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## Conservation of energy

Current time:0:00Total duration:15:00

# LOL diagrams

## Video transcript

- [Instructor] I wanna talk
to you about LOL diagrams. That's right, I said LOL diagrams. These are a great ways to
visualize conservation of energy, and even better, they
force you to think about what's part of your energy system and what isn't part of your energy system. And if you don't know
what an energy system is, maybe that's where we should start. An energy system is an object
or a collection of objects whose energies were gonna keep track of, and we're gonna keep track
of them in these two charts. And notice, it looks like an L, and then an O, and then an L. That's where they get their name from. This isn't laugh out loud. This is an energy chart, a circle where we're
gonna define our system, and then another chart. So to understand what
these LOL diagrams mean, let's just look at an actually example. Let's say you took a mass M, and you released it from
rest from a height H. And this mass falls down. The first thing we should do is choose what is gonna be
part of our energy system, whose energies are we gonna keep track of, and whose are we not gonna keep track of. The way people typically do this problem when they're doing conservation of energy, they would say it starts
with potential energy, and then it turns into kinetic energy. And if you're doing that,
what you're really doing is you're saying, "I'm taking my mass. "That's gonna be part of my system." So I'm gonna take this mass here, and I'm gonna make that part of my system. So we'll keep track of
the energy of this mass, and then if you're talking about gravitational potential energy, here's the weird thing, you're also talking about the earth. That earth is part of your system. So this is the earth right here. It's got continents, and it's got California, and
Mexico, and South America, and there's Florida, and then there's all kinds of stuff here. So now that we've selected our system, we can go ahead and starting charting what the energies look like. So what kind of energy was there initially in this system? There was gravitational potential energy, because this mass M started
at height H above the earth. So I'm gonna represent that with this bar. This is gonna be a bar chart. Let me just go up four units. So I'm gonna say there were four units of gravitational potential energy. You might be like, "How do
you know there were four? "How do you know there
weren't like three, or five, "or 4.2?" Well, it doesn't really matter too much. The real value in this LOL diagram is being able to
conceptualize what's happening to the energies. No matter what you draw over here, you just wanna be consistent when you then draw this diagram over here, and I'll show you what
that means in a minute. So for now let's just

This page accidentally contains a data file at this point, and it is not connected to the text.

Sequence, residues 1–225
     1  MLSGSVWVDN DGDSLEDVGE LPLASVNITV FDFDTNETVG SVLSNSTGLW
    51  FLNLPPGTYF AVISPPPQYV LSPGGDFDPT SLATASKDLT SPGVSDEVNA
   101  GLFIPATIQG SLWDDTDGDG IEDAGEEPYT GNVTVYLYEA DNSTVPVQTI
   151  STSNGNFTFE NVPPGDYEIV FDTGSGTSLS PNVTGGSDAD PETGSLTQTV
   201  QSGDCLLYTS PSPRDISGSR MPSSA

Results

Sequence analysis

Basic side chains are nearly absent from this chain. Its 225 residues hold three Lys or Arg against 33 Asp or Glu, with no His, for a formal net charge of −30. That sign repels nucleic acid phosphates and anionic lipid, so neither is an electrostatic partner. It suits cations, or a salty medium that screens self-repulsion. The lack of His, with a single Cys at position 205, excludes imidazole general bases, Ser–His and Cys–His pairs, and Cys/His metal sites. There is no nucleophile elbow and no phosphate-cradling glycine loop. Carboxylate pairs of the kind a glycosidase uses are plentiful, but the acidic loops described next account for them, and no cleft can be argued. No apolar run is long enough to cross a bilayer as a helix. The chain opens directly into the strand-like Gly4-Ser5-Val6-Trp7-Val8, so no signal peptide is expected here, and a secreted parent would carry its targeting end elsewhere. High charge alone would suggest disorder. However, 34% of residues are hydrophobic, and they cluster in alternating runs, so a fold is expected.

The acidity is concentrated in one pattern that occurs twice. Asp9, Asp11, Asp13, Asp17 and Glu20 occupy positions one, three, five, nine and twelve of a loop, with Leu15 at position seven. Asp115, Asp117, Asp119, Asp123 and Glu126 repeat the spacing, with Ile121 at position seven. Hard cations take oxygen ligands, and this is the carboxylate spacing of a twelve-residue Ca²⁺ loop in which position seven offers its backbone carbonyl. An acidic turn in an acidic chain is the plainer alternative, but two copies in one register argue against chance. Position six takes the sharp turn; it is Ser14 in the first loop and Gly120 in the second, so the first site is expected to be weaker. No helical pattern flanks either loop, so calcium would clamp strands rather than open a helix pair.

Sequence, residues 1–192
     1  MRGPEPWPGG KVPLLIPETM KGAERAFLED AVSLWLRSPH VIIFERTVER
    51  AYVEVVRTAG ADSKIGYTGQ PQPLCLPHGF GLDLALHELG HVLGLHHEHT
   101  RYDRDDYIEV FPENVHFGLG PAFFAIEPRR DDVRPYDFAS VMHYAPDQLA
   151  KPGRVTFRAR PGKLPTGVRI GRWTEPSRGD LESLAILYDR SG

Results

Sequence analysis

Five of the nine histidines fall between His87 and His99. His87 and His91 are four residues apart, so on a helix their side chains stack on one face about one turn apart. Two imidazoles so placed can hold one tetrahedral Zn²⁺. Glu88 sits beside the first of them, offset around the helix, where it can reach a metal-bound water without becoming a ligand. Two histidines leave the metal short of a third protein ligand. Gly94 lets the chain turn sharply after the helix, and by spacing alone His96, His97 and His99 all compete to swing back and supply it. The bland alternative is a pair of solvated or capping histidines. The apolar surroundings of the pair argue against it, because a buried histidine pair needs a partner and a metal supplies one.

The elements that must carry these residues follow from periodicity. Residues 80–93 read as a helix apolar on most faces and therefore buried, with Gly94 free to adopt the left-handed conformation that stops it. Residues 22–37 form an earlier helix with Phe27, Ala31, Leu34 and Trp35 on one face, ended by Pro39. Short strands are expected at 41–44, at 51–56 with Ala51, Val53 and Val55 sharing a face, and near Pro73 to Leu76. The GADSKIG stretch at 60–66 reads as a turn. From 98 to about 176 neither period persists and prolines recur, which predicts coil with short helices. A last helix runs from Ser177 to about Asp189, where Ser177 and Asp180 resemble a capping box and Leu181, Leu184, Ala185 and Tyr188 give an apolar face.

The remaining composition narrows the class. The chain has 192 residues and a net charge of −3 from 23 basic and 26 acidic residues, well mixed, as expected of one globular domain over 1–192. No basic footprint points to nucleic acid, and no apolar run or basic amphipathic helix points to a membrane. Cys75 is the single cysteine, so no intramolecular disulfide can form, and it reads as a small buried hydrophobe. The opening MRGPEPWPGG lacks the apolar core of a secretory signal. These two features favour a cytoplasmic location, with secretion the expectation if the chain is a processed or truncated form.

say there were four units of gravitational potential
energy to start with. Was there any kinetic energy? No, because it was released from rest. So if we drop this mass, it starts with no kinetic energy. And this US here is gonna
be any spring energy. We won't have that for this example, because there aren't any springs, so there won't be any
spring or elastic energy. That's it, we just had gravitational potential energy to start. And then what did that energy turn into? If this was the initial position, what kind of energy do we have when the mass gets right above
the surface of the earth? Right before it's gonna hit the earth, what kind of energy is there? There's gonna be kinetic energy, so this mass is gonna have kinetic energy, and we know it's gonna have kinetic energy because it's gonna be moving right before it hits the earth, and kinetic energy is
the energy an object has because of its motion. So it's gonna have kinetic energy. How much kinetic energy is it gonna have? Well, energy is gonna be
conserved in our system. And since the energy
is gonna be conserved, if I started with four units of gravitational potential energy, I should end with four
units of kinetic energy. Now, you might be confused. You might wonder why wasn't there any gravitational potential energy. Well, I was assuming that this ground was the H equals zero line. And we know that the
gravitational potential energy is mgh. And where H equals zero, the potential energy is zero. So when this mass gets
down to the final point, which I'm representing in this diagram, it no longer has any potential energy since the H would be zero. And since it has no potential energy, all of this gravitational potential energy it had initially has to turn into kinetic energy in order for the energy of
our system to be conserved. Now, if I were you, I
might object and say, "Wait a minute. "We learned earlier "that when work is done, "energy gets transferred, "and the total energy of
a object might change. "And this earth is pulling
down on this mass, right? "So the earth is exerting a
gravitational force downward. "The objects moving downward
through some displacement, "that means the earth
is doing some positive "amount of work on this
mass, giving it energy. "Doesn't that mean "the energy of the
system is gonna change?" And the answer is no. And the reason is this earth is also part
of our energy system. So the earth did do work on the mass, and this mass gained kinetic energy. But since the earth and the mass were both part of the system, this work was internal to the system, and internal work never changes the total energy of the system. And if that was confusing,
think about it this way. Let's say you and your friend, instead of the earth and the mass, there is you and your friend. And instead of energy,
we'll talk about money. You, the earth, give